Why is there a discrepancy between the amount of lithium-7 predicted to be produced in Big Bang nucleosynthesis and the amount observed in very old stars?

  • $\begingroup$ This is The Question, isn't it? $\endgroup$ – jaromrax Apr 20 '15 at 11:03
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    $\begingroup$ Why indeed? Could you clarify your question - if anyone knew the answer, it wouldn't be the topic of so much research. Are you just wanting to know what the alternatives are? $\endgroup$ – ProfRob Apr 20 '15 at 12:16

The discrepancy between the predicted big bang nucleosynthetic abundance of Lithium 7 and the measured value can be summarised as follows.

If we take what we know about the the baryonic mass density of the universe and the Hubble constant, we get a self-consistent picture between the cosmic microwave background, observations of galaxy recession etc. and the estimated primordial abundances of Helium and Deuterium.

The problem arises that these same cosmological parameters predict a primordial lithium abundance of $(4.7\pm 0.7)\times10^{-10}$, when expressed as a ratio to the hydrogen abundance (e.g. Cyburt et al. 2016).

On the other hand, measurements of the Li abundance present in the photospheres of the oldest stars ("halo stars") in our Galaxy suggest that the primordial abundance was actually about $(1.6\pm 0.3)\times10^{-10}$.

The factor of 3 difference between these numbers is about 4-5 times the uncertainty. This is the so-called "Lithium problem".

The potential solutions are reviewed by Fields (2012). They fall into the following categories.

  1. Astrophysical solutions - that we don't understand our measurements of the Li abundances because of an imperfect understanding of the atmospheres of low metallicity stars; or that we don't understand interior mixing mechanisms that mean at the photosphere, we see material that has been mixed upwards from the interior where the Li has been depleted in nuclear reactions.

  2. Nuclear physics - maybe the details of the reaction rates and cross-sections in the big bang model are awry? There are still some sizeable uncertainties here which remain to be nailed down, but are seen as rather unlikely solutions.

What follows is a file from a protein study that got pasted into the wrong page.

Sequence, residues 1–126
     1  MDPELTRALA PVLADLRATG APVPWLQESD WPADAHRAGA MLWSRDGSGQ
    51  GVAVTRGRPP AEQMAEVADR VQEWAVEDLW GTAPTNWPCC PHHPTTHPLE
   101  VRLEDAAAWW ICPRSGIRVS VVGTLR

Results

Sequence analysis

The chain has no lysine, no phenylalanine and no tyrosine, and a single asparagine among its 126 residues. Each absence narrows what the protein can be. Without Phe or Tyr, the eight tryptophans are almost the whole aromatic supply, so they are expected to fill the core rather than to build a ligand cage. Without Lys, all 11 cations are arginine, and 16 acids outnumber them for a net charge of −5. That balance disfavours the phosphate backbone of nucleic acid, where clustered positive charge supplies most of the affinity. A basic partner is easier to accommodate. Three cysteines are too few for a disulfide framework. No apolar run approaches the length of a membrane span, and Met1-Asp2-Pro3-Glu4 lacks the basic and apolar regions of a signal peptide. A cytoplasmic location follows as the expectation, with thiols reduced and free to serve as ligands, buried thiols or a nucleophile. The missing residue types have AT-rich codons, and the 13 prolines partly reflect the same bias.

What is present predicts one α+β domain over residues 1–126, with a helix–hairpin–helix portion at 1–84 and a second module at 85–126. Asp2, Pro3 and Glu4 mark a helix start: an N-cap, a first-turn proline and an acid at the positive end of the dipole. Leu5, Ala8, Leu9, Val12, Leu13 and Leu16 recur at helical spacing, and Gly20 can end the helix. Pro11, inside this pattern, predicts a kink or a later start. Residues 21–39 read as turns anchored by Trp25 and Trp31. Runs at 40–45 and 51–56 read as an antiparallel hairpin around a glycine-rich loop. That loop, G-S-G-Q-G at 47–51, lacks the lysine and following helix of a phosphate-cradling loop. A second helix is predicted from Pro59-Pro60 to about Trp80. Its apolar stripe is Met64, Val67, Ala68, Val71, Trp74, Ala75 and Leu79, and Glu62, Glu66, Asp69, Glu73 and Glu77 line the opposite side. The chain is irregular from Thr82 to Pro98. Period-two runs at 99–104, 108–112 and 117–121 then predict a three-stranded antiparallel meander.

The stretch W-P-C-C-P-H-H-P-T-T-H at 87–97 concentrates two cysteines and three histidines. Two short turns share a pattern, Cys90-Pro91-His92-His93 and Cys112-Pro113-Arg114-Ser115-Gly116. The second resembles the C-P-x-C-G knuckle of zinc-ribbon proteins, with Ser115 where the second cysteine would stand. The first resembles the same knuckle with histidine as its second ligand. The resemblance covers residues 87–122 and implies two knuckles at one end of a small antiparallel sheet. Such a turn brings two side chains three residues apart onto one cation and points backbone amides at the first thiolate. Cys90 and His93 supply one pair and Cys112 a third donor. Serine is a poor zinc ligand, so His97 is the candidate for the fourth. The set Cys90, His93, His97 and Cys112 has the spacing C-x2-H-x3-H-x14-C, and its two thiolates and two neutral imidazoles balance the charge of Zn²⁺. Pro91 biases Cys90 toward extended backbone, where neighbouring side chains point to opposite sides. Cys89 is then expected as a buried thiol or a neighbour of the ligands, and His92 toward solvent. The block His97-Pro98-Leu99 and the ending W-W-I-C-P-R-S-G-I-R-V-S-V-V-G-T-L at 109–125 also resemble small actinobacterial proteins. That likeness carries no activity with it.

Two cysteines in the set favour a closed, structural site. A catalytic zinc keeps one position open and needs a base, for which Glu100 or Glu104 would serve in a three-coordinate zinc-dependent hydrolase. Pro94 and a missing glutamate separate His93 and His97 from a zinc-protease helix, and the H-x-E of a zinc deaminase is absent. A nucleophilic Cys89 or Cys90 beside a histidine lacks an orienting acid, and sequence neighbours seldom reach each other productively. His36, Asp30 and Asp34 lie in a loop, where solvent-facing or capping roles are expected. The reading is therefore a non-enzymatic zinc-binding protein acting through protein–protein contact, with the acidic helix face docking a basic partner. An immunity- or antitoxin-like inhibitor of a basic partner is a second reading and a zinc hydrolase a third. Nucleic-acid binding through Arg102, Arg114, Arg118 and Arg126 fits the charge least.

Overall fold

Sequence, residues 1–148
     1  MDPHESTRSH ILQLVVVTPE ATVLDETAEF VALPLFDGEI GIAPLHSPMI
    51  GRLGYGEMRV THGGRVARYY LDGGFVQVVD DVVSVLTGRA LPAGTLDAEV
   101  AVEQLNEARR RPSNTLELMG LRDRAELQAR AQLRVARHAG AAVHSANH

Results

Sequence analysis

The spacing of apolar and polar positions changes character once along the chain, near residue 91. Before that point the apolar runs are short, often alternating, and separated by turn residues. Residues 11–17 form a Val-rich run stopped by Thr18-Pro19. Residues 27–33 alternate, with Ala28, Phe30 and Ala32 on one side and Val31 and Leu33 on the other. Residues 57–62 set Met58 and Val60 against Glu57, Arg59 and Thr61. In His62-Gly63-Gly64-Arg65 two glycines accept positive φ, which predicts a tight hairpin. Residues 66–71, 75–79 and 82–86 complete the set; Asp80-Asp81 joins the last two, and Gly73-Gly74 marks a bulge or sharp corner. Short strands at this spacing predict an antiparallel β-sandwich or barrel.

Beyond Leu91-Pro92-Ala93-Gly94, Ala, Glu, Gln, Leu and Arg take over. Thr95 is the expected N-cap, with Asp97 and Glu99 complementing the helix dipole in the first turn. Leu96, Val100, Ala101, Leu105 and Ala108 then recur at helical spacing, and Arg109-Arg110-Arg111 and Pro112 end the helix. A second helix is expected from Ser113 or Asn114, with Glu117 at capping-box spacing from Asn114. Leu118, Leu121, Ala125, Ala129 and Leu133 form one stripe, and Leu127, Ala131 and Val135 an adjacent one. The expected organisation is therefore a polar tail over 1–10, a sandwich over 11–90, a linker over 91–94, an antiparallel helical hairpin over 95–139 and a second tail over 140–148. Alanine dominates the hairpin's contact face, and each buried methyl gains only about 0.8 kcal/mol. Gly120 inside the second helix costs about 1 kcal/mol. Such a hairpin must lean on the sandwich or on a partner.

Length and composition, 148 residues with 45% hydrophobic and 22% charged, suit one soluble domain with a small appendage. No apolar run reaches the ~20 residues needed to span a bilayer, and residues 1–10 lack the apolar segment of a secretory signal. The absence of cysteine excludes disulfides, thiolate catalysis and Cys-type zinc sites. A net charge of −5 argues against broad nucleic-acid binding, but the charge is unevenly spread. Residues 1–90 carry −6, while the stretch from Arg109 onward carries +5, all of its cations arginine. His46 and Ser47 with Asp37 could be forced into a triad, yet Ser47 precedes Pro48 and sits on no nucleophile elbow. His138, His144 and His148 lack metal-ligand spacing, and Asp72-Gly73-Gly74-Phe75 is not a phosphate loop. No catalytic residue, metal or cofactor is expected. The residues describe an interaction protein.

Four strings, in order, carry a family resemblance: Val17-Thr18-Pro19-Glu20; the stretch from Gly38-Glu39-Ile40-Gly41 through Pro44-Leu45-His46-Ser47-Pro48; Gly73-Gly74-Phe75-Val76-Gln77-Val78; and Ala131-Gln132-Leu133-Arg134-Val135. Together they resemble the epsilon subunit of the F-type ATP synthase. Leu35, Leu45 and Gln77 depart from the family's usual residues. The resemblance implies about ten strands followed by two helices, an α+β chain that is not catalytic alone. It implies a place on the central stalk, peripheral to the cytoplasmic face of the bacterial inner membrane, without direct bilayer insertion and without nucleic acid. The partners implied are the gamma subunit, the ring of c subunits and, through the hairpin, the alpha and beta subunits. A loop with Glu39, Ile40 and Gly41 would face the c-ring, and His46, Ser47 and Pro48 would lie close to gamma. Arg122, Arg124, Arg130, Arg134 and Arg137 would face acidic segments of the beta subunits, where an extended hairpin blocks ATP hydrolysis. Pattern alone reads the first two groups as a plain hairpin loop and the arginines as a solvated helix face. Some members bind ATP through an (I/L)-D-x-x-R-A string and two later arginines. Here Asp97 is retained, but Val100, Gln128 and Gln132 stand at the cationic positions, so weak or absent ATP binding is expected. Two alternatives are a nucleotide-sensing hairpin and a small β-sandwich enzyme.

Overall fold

3. Additions to the standard big bang model. This includes things like inhomogeneous nucleosynthesis in the early universe - i.e. that it was clumpy even at this early stage. Other possibilities include that the equilibrium reactions in big bang nucleosynthesis were upset by the decay of massive dark matter particles.

  4. Perhaps the fundamental constants have changed with time resulting in somewhat different binding energy differences between different nuclei? Scherrer & Scherrer (2017) for example discuss a scenario where the mass difference between 2 He nuclei and a $^8$Be nucleus changes with time in such a way that lots of $^8$Be is produced during big bang nucleosynthesis, but decays back into He later on. This does not alter the primordial He abundance inferred from present-day observations, but the removal of He at early epochs results in a lower production of $^7$Li.

Thus there are lots of ideas to solve this problem and other ideas which suggest it is not so much a problem, but that we can't do the measurements properly.

EDIT: Update 18/11/19 from the "Lithium in the Universe" conference in Frascati, Rome.

Having sat through a few review talks today, I can summarise progress as:

Explanation 2 (Nuclear Physics) is dead. All avenues appar to be explored and the likely remaining uncertainties are at the level of 10%.

A further class of explanations has arisen, that rely on the properties of magnetic fields - always the last refuge of the astrophysical theoretician!

  1. Inhomogeneous magnetic fields, contributing significant energy density in the early universe may have led to temperature fluctuations at the epoch of nucleosynthesis. Such fluctuations could reduce the predicted Li abundances a bit, but they also change the predicted deuterium abundance and this wouldn't fit with the now quite precise measurements of the primordial D abundance and the Planck value of $\Omega_b h^2$.

  2. It has been hypothesised that magnetic fields can play a role in filtering how much primordial Li makes into the structures that form galaxies. i.e. There is a sort of chemical differentiation caused when there is a gradient of the magnetic field strength at right angles to the magnetic field. This accelerates ions down the gradient and possibly away from forming structures. Since Li is easily ionised in the early universe (compared with H and He), this might lead to the gas that formed the first stars being Li-poor.


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